Chapter

Anthropometric Measures and Body Composition

Walter Willett and Frank Hu

in Nutritional Epidemiology

Third edition

Published in print November 2012 | ISBN: 9780199754038
Published online January 2013 | e-ISBN: 9780199979448 | DOI: http://dx.doi.org/10.1093/acprof:oso/9780199754038.003.0009

Series: Monographs in Epidemiology and Biostatistics

Anthropometric Measures and Body Composition

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Anthropometric variables, particularly weight and height, are the most commonly employed measures of nutritional status in epidemiologic studies due to their simplicity and ease of collection. In adults, measures of body dimensions and mass are used to represent nutritional status directly; to compute the absolute size of the major body compartments, such as lean body mass and adipose mass; to estimate relative body composition, such as fatness; and to describe body fat distribution. This chapter begins with an overview of weight and height, including their relationships to nutritional status, their use in epidemiologic studies, and the reproducibility and validity of these measurements. Next, it discusses the concept of major body compartments and considers methods of measuring them. The major part of the chapter addresses the assessment of relative body composition, specifically fatness, using densitometry, combinations of weight and height, skinfold thickness, and the newer methods of bioelectric resistance and dual-energy x-ray absorptiometry. Finally, an evaluation of body fat distribution is reviewed and the use of such measurements in epidemiologic analyses is examined.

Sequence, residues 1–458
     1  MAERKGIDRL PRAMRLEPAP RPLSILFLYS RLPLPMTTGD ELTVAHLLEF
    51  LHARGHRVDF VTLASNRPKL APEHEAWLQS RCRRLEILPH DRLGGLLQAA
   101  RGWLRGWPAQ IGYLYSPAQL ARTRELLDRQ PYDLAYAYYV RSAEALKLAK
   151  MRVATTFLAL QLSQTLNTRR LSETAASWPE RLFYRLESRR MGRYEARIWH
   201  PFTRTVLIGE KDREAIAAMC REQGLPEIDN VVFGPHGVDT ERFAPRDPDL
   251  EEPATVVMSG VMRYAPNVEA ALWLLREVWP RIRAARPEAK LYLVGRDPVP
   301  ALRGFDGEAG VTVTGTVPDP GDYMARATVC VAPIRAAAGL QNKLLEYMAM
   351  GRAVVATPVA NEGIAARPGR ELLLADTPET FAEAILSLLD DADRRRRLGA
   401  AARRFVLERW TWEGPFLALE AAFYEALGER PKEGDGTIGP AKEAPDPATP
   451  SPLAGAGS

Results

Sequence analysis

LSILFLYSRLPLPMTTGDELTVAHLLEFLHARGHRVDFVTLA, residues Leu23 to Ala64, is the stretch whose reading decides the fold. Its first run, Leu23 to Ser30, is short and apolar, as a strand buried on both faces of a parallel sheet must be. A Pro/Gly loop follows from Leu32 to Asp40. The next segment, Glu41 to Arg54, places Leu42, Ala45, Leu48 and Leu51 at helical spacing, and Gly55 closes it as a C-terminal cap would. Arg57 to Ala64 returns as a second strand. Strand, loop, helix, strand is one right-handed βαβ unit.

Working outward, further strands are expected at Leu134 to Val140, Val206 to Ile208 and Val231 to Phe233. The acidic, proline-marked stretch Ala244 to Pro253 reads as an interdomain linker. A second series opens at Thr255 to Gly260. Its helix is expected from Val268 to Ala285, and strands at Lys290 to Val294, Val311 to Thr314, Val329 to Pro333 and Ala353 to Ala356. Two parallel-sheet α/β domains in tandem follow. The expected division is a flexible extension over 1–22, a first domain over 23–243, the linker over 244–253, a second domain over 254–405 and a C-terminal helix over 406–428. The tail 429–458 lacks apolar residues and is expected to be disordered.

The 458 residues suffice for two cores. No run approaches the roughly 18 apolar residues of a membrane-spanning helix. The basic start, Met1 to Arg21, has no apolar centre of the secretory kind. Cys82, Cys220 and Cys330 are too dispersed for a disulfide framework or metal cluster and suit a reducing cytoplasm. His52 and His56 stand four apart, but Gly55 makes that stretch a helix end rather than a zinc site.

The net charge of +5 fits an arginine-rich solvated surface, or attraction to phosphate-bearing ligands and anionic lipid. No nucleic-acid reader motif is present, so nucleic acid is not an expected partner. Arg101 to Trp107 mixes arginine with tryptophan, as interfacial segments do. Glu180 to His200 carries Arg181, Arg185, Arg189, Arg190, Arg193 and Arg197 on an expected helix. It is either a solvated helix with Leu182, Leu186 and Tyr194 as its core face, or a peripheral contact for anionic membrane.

Keywords: anthropometric variables; weight; height; nutritional status; epidemiologic studies; body mass; body composition; body fat ditribution

Chapter.  18541 words.  Illustrated.

Subjects: Medical Statistics and Methodology

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